Presentation Title

Synthesis of Phosphorus-Based Surfactant

Start Date

November 2016

End Date

November 2016

Location

HUB 302-#96

Type of Presentation

Poster

Abstract

The recent Deepwater Horizon oil spill impacted the environment in different aspects, leading to algae blooms and affected wildlife. Clean up methods included the use of two carbon based oil dispersants, Corexit 9527A® and 9500A®. These carbon based oil dispersants contained toxic components, thus harming the marine life. Therefore, leading us to focus on synthesizing a phosphorous-based surfactant that is environmentally friendly. Our research involves a three step synthesis. In Step 1, a long, nonpolar chain is attached to a hypophosphorus acid to form hypophosphorus esters using direct esterification. This process is done with the Dean-Stark apparatus which allows water to be removed as it accumulates during esterification. Step 2 involves elongating the nonpolar chain with a bromoalkene and a palladium catalyst to produce alkyl (5-bromo-pentyl) phosphinate. This product is then reacted with a trimethylamine in step 3. Currently, we are running an equivalence study on step 2, where the amount of bromoalkene is increased to produce higher yields of alkyl (5-bromo-pentyl) phosphinate. Results from crude 31P NMR spectroscopy displayed highest yields of product with the primary alcohol heptanol, forming 65% product with the 2:1 ratio of alkene to heptyl ester. Through a 1:1 ratio, we formed 46% product, which demonstrates the benefit of increasing the equivalence of the bromoalkene. Future directions include using different alcohols and equivalences to maximize step 2 product formation.

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Nov 12th, 4:00 PM Nov 12th, 5:00 PM

Synthesis of Phosphorus-Based Surfactant

HUB 302-#96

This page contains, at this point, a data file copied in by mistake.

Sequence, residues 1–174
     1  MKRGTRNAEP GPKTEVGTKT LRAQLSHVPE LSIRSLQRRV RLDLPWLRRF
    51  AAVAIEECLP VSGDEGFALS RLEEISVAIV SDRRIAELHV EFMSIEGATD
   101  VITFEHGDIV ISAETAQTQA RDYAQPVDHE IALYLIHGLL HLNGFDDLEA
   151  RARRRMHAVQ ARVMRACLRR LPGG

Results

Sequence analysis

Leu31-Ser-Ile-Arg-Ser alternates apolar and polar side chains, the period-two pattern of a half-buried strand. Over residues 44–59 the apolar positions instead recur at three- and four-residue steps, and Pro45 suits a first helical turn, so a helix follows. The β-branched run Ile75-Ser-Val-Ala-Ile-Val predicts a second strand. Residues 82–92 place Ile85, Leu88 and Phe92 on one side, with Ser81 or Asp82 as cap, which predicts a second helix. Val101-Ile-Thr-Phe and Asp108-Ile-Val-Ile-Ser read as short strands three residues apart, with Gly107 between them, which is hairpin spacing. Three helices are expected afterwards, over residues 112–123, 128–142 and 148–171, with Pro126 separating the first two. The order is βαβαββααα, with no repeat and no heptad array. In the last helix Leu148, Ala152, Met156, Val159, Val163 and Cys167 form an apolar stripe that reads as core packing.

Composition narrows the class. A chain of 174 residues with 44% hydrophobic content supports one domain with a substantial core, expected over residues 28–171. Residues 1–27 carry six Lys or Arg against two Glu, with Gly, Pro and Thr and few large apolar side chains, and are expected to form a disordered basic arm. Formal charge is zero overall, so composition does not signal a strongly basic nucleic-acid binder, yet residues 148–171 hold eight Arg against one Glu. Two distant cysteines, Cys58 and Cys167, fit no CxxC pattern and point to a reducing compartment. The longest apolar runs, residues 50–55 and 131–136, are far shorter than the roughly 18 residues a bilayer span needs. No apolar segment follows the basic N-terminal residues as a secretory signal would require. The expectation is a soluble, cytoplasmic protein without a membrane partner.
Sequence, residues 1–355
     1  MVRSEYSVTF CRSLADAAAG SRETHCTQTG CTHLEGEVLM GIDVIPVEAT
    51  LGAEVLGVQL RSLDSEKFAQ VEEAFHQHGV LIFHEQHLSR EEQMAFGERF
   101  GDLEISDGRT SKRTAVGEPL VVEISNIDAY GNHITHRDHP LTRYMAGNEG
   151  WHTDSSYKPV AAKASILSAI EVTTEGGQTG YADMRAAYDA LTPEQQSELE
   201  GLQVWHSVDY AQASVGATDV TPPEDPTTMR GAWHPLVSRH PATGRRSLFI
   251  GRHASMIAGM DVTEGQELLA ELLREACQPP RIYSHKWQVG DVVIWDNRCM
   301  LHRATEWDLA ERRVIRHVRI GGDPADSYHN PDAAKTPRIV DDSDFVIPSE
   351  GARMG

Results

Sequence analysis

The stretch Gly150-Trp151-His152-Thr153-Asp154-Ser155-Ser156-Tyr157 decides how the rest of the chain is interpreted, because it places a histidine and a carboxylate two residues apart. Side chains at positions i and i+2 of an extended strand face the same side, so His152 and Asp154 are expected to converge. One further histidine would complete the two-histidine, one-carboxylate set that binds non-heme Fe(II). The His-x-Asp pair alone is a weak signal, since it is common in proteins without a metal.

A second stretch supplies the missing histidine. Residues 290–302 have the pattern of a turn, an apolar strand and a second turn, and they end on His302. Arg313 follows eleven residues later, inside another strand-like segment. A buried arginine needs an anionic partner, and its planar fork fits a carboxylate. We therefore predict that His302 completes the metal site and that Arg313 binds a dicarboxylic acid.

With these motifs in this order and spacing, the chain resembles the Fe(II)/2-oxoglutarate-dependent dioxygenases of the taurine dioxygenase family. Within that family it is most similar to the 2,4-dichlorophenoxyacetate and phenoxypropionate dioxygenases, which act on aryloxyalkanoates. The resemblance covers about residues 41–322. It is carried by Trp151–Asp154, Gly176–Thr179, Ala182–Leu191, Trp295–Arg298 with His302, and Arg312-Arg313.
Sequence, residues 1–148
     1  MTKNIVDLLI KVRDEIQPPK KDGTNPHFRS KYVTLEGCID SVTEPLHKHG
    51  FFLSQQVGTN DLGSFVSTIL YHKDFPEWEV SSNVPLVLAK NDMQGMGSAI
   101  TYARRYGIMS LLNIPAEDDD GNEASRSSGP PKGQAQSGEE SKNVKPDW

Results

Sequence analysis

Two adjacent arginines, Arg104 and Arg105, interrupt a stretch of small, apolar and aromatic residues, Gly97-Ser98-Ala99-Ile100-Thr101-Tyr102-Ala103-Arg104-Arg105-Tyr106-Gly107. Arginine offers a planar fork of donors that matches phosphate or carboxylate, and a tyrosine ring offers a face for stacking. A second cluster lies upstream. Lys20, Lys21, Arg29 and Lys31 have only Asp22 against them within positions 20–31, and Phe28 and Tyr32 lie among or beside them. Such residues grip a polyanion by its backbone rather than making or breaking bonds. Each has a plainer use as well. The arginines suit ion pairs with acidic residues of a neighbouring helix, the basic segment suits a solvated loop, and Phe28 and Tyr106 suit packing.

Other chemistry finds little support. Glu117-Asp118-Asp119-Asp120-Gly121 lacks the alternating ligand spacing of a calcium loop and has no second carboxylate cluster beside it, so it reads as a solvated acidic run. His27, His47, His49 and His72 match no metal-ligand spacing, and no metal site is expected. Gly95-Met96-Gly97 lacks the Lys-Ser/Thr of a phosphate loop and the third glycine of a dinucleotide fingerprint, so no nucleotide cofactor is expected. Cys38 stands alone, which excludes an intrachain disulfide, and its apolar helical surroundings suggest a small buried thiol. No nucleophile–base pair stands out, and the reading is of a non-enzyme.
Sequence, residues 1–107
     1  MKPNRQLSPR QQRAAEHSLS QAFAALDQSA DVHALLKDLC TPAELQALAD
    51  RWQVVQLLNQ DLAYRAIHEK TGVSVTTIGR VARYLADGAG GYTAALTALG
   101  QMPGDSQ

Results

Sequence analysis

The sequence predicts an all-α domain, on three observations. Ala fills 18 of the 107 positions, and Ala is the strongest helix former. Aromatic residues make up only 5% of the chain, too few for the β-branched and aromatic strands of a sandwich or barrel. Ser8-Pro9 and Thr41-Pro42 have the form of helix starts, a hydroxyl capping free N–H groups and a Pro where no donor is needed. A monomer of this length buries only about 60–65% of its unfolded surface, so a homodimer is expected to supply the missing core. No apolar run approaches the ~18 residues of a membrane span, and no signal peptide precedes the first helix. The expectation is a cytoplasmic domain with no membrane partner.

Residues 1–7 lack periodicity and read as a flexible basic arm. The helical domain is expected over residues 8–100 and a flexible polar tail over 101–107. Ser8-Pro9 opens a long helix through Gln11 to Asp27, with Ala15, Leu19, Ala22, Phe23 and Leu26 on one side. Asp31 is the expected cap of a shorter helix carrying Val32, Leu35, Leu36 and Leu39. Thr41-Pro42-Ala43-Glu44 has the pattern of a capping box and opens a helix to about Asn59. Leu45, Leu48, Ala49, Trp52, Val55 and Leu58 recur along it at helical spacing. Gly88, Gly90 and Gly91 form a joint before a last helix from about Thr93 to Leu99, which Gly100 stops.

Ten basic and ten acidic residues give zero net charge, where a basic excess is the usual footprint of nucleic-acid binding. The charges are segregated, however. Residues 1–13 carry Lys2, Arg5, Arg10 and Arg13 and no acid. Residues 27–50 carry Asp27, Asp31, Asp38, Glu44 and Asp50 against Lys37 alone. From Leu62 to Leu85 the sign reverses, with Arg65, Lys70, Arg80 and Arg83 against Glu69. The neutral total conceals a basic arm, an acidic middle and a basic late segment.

The recent Deepwater Horizon oil spill impacted the environment in different aspects, leading to algae blooms and affected wildlife. Clean up methods included the use of two carbon based oil dispersants, Corexit 9527A® and 9500A®. These carbon based oil dispersants contained toxic components, thus harming the marine life. Therefore, leading us to focus on synthesizing a phosphorous-based surfactant that is environmentally friendly. Our research involves a three step synthesis. In Step 1, a long, nonpolar chain is attached to a hypophosphorus acid to form hypophosphorus esters using direct esterification. This process is done with the Dean-Stark apparatus which allows water to be removed as it accumulates during esterification. Step 2 involves elongating the nonpolar chain with a bromoalkene and a palladium catalyst to produce alkyl (5-bromo-pentyl) phosphinate. This product is then reacted with a trimethylamine in step 3. Currently, we are running an equivalence study on step 2, where the amount of bromoalkene is increased to produce higher yields of alkyl (5-bromo-pentyl) phosphinate. Results from crude 31P NMR spectroscopy displayed highest yields of product with the primary alcohol heptanol, forming 65% product with the 2:1 ratio of alkene to heptyl ester. Through a 1:1 ratio, we formed 46% product, which demonstrates the benefit of increasing the equivalence of the bromoalkene. Future directions include using different alcohols and equivalences to maximize step 2 product formation.